I made friends with people who cared about my growth. We share similar value systems. We’re like-minded and we want each other do well. I feel GREAT: More purposeful, more driven, more energetic, and like I belong somewhere.
The feeling of belonging is SO undervalued in our society. We’re humans — we’re evolutionarily programmed to get dopamine snacks from being a part of communities. You’re denying yourself of this by staying with friends who are popular or fit into some sort of agenda of yours. Seriously, I know you know this. I promise there’s a community out there for you. You just have to stop settling for mediocre.
I don’t think I need to deep-dive into how you figure this one out. You probably already know who you need to let go of, and who to keep. Do it. I can’t see why you would regret letting go of toxic people. And if you can’t, rethink your priorities.
2) Have a clear ambition that *you* have chosen for *yourself*.
Understand what you want. Set goals for yourself, and prioritize these goals.
Not to be cheesy or cliche, but after I set realistic and defined goals for myself — even short-term ones (3 year, 3 months, and 3-week goals) — my happiness levels directly correlated to whether or not I was working towards achieving these. Eudaimonia is found in the journey, not the reward. But don’t take it from me, the world’s most known philosopher (who spent his entire life thinking about this, knows it too).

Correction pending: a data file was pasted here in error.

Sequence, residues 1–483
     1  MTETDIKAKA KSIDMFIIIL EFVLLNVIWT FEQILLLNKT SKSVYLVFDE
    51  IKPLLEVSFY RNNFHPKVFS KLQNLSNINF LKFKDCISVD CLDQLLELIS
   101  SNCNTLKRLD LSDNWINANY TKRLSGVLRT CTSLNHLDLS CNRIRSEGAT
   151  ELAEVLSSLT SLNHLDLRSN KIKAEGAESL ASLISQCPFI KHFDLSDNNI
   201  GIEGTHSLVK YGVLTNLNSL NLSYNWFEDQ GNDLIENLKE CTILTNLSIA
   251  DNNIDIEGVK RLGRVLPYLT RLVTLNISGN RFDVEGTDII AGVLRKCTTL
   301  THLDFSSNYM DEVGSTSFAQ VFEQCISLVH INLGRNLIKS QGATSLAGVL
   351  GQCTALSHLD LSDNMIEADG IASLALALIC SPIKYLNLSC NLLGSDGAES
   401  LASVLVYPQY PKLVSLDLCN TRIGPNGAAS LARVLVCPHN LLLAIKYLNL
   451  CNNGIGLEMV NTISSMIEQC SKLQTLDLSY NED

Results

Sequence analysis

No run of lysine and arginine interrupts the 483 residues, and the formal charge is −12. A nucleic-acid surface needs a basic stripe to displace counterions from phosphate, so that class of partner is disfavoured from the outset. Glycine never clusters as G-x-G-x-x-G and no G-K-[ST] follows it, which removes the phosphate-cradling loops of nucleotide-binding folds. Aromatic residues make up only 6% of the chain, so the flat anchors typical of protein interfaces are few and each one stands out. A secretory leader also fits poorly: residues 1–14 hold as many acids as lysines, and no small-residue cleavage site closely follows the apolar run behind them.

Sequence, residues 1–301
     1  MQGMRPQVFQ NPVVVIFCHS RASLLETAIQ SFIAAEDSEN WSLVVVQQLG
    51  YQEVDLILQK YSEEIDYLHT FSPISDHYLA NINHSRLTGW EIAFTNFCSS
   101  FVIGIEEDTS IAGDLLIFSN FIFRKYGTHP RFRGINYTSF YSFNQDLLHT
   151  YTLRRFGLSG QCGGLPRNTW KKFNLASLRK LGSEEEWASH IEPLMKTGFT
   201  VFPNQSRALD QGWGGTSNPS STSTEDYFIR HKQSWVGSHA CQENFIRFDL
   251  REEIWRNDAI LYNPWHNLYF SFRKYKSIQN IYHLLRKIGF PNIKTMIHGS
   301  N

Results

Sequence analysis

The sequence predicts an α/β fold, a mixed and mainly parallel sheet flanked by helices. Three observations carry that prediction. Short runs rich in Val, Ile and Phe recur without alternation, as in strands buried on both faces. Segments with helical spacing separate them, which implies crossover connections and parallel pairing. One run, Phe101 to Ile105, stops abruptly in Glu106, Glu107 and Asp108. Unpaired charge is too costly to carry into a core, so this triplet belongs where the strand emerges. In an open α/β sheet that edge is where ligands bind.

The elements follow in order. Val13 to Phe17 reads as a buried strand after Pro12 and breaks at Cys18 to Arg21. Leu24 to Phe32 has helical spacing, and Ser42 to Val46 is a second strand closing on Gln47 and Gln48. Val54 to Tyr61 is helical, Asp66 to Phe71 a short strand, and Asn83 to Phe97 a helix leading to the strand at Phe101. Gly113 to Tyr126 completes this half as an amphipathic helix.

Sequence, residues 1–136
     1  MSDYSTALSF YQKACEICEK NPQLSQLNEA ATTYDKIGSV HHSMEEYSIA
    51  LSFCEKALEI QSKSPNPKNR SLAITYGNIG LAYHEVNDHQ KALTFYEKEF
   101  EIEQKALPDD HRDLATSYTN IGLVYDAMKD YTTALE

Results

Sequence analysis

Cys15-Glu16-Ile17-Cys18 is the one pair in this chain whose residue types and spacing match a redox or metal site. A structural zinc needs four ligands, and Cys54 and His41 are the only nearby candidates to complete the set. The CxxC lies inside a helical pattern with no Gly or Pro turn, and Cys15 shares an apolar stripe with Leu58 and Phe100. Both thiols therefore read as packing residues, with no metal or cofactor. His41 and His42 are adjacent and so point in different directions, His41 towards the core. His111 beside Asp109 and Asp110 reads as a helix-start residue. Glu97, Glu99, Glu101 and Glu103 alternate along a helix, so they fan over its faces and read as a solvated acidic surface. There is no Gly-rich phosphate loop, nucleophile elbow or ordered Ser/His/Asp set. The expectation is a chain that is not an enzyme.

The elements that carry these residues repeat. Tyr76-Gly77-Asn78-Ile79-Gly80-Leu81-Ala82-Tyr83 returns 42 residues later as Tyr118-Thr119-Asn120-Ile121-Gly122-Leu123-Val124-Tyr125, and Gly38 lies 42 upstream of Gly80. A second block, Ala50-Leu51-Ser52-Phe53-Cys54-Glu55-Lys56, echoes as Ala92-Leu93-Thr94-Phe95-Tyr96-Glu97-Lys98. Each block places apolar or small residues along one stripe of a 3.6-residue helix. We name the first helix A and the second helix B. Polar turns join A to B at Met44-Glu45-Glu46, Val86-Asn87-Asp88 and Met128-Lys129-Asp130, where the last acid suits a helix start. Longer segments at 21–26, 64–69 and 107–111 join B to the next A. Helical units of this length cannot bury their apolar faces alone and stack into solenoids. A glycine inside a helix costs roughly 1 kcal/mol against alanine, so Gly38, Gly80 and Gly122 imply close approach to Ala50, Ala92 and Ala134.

I’m not completely sure what this looks like for me right now. I know it’s somewhere along the lines of wanting to impact billions of people through solving some of the world’s hardest problems. But otherwise, I’m still trying this figure it out by answering the following questions:
- What makes me feel happy? What allows me to experience constant states of contentment?
- What doesn’t make me happy?
- How do I see myself in 10 years? Not only as what am I doing, but who am I, and who am I with? (This question yielded really important results. I realized I wanted to be friends with some of the world’s wisest and smartest people).
- Where do I not want to see myself in 10 years? What don’t I want to be doing? Who don’t I want to be with?
Would you rather define your life, or blindly let others do it for you?
Really think about what it is that you’re working towards right now, or the people you surround yourself with. If you were to live your life one more time, would this the life you would want to live? The people you would want to spend your time with?
To really start stimulating your mind on how to think outside of the societal frameworks set in your mind, listen to the Philosophize This podcast. (NO, not a shameless plug. Not an #ad. It’s just a great resource I use to learn more about topics like these in an interesting way. Listen to the podcast on 1.5x speed).
I don’t completely know what my future will look like, but I will never work at a job that I don’t find fulfilling, or spend time with people who I can’t seem to develop a genuine relationship with. I refuse to strive for happiness, it’s mediocre and it makes people miserable. What about you?